When it comes to the inspection and operation of mobile cranes and boom trucks, taking every step to ensure safety is essential. This page is a resource to help Yukon owners, operators and engineers navigate the following topics:
Employers, supervisors, contractors and operators are responsible for their own safety and the safety of others on the job site. This includes (but is not limited to) ensuring equipment is maintained to code, abiding by legislation, and following manufacturers' recommendations, applicable standards and good engineering practice.
To reduce the risk of equipment failure and injury, mobile cranes and boom trucks must be inspected and certified annually.
Our Mobile Crane and Boom Truck Annual Inspections Guideline helps owners, operators, certifying engineers and safety officers understand their responsibilities under the Workers’ Safety and Compensation Act and Regulations. The document outlines legislative requirements and guides anyone working in Yukon through the inspection and certification process in a way that’s easy to follow and understand. The guideline covers the regulatory requirements of crane inspections (Part 5 of the Occupational Health and Safety Regulations), good engineering practice, inspection process, repair process and certification steps.
For additional resources on this topic, our colleagues at WorkSafeBC have produced a video that explains the potentially devastating consequences of when crane inspection or maintenance is skipped.
Engineers and Geoscientists BC, in collaboration with WorkSafeBC, produced the Annual Equipment Inspection and Certification in British Columbia guide. The goal of the guide is to provide clarity to owners, engineers and inspectors. This is done by setting a “minimum bar” for professional practice by defining the level of involvement and level of experience and education required by the certifying professional.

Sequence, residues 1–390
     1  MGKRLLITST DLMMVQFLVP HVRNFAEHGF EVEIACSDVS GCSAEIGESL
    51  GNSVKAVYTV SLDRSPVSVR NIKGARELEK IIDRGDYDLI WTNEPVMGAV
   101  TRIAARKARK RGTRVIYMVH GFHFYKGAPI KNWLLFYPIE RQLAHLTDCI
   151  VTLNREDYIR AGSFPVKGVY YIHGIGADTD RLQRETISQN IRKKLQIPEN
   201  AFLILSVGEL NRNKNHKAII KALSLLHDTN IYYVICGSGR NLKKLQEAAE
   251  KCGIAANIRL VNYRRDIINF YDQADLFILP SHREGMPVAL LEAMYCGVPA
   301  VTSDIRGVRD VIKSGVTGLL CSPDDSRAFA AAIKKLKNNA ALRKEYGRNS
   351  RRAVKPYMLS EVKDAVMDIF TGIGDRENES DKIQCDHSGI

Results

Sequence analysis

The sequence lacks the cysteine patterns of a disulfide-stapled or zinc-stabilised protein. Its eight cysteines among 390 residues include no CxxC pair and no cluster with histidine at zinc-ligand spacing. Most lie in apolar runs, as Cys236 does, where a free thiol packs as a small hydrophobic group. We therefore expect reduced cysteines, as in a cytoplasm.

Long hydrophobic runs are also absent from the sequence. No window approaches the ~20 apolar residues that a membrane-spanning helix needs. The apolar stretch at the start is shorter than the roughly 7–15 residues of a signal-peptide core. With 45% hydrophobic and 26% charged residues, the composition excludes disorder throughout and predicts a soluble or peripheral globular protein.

Engineers Yukon is the local self-governing body that regulates the engineering profession in Yukon. The organization sets and maintain high academic, experience and professional practice standards for all members.
All Yukon crane operators (boom trucks, mobile cranes and tower cranes) are required to have a valid operator’s certificate. In Yukon, certification is administered through the BC Association for Crane Safety (BC Crane Safety).
You can register with BC Crane Safety here.
You will receive an ID number and access to online resources including a personal profile, SkillRecord electronic logbook, and up-to-date news and information. If you’re not sure if you’re already registered, or if you are registered and have forgotten your BC Crane Safety ID number, call 1-855-526-2621.
Crane operator standards
Competency profile charts for crane operators who operate boom truck, mobile and tower cranes are available from BC Crane Safety here. The charts are designed to help crane operators and employers meet the requirements for operating cranes in Yukon, and they form the foundation for your practical assessment.
Crane mechanic designation
This designation allows the mechanic to operate a crane in the role of mechanic on behalf of an employer. The designation is restricted to that role and does not allow commercial lifts to be made.